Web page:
Craptastic Homemade Parlor Pistol (February 13th, 2015)

I was bored one afternoon and decided to make the most craptacular hardware store material pistol I could think of in the least amount of time. This is what I came up with after 4 hours.




The screwdriver notch in the Barrel Attachment Device™ also serves as the sight.




The guts are made from aluminum which wears in after a few shots. You can see the face of the hammer is molding itself to the nipple which means after a short break in period it will strike the caps completely flat.

After a longer break in period the hammer will need to be replaced, but I only charge $350 for a new hammer. This includes complementary hand fitting by my trained orangutang, Jup.




The gun comes with a hand rubbed oil finish made from a proprietary blend of lathe way oil, high sulfur cutting oil, workshop grime, and fully synthetic 10w-30.




First I started off with some high quality barrel steel. Since this gun is going to shoot .117 pellets, I used a #16 drill bit. I managed to drill the bore 3.125" deep even though the whole drill is only 3.25" long.




The crown on the muzzle is incredibly important for protecting the rifling, so might as well give it a touch with the chamfer tool. My rifling is what was left over from drilling and it looks like about a 1:0.25" twist rate. That ought to really stabilize the pellets.
(On a serious note, I don't even need rifling since this is a muzzle loader.)




Next I parted off the barrel with enough room to turn the nipple for the #11 percussion cap.




Drilling the touch hole with a 1/16" drill. It's a little big, but there's actually a tactical advantage. When you shoot, the pressure in the barrel blows the hammer back and the cap flies off. This allows you to reload around .5 to 1% faster.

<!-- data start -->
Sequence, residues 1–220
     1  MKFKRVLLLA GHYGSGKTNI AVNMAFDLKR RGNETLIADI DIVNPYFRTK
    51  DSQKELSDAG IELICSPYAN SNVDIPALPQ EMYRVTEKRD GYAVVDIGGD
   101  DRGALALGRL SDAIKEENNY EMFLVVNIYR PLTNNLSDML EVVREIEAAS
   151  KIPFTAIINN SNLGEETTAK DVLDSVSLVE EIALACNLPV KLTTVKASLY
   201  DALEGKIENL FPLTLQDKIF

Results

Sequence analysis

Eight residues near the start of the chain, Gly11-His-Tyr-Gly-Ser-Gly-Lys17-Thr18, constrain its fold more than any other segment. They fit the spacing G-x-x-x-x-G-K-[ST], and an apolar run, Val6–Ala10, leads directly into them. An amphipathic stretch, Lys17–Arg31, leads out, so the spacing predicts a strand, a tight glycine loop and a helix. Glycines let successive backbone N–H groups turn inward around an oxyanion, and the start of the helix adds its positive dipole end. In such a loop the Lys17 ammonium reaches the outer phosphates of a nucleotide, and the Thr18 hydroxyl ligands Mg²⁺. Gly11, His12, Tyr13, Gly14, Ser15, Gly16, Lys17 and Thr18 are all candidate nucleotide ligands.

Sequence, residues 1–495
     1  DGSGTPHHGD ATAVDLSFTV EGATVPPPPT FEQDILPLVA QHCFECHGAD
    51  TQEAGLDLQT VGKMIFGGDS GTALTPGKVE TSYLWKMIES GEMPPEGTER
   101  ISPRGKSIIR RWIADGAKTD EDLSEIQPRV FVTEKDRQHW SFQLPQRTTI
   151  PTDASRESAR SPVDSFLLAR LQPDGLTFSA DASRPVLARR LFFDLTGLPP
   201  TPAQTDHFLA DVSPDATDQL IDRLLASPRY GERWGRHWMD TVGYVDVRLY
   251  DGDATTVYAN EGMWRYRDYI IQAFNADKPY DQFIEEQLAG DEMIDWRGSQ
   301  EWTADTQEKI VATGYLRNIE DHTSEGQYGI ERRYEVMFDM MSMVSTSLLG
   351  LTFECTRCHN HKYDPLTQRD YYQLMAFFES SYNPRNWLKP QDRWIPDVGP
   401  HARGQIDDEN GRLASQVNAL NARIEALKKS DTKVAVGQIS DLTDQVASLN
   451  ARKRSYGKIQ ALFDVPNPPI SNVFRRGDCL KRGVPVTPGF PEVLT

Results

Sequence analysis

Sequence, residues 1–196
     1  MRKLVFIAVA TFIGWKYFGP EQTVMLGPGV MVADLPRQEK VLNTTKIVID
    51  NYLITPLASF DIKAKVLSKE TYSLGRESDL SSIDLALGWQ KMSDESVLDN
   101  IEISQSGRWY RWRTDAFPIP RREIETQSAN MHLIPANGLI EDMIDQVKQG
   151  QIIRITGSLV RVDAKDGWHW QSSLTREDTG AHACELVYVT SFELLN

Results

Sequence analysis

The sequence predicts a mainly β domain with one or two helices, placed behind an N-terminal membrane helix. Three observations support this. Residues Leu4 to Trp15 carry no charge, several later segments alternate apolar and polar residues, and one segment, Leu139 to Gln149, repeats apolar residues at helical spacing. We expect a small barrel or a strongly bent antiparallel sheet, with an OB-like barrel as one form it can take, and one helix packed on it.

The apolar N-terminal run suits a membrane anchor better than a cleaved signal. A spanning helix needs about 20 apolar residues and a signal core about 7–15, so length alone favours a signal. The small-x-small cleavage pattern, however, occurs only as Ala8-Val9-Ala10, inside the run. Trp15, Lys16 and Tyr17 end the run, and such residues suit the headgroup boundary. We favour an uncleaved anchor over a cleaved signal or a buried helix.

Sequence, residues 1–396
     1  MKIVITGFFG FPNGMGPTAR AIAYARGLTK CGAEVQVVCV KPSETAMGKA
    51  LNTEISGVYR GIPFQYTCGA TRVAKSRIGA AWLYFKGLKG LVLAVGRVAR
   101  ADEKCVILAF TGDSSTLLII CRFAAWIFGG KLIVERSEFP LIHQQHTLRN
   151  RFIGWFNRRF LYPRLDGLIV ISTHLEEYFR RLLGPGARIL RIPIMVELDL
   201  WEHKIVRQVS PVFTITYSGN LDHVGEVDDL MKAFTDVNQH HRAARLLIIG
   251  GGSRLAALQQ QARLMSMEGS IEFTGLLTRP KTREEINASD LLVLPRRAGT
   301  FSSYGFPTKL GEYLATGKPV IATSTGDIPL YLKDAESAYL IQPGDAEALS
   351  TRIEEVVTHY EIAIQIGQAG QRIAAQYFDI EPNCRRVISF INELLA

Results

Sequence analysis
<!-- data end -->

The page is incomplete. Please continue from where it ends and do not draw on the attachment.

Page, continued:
Turning the nipple so the cap fits. I think I turned the diameter something like 0.165".




Here's the action. I hacksawed and filed the trigger and hammer from some 1/4" aluminum plate. The spring came from an old screen door kit.




I used a chisel to mortise out the space for the action. Can you believe I found this beautiful piece of figured spruce in the 2x4 rack at the hardware store?! Just look at that grain!




Cocked. No need for a half cock notch since this weapon is for l33t op3r8t0rs only and our finger is the safety.
Also the 16d grip pins meet section 2304.9.1 of the International Building Code for fastening wooden members together.




Here's how the action is after it's fired.
In all seriousness, for as crude as it is, the trigger is pretty nice. It's really light with no creep. I can just touch it with the back of my pinky fingernail and it will go off.




Just a #11 percussion cap has enough power to bury the pellet below the surface of a 2x4 at six feet! Those dents at the top were from inferior caps and definitely not from shooting at 15 feet.




It'll shoot through a tin can too!




I shot at this 3/8" steel plate from 100 yards, but I didn't hear it hit. That's probably because I have some awesome Peltor earmuffs. I'm assuming that hole a little left of center is where I hit, so it looks like I need to adjust the sights.




Such graceful lines.









Improving upon the success of the Mark I version, the Mark II version comes standard with a threaded barrel so you can attach all sorts of l33t accessories! We stock a full variety of loudeners, flash enhancers, and muzzle accelerators.




Also holes have been drilled in the grip to accept a folding shoulder stock made of the finest galvanized fence wire. Just don't stick your thumb between the wires if you're in California.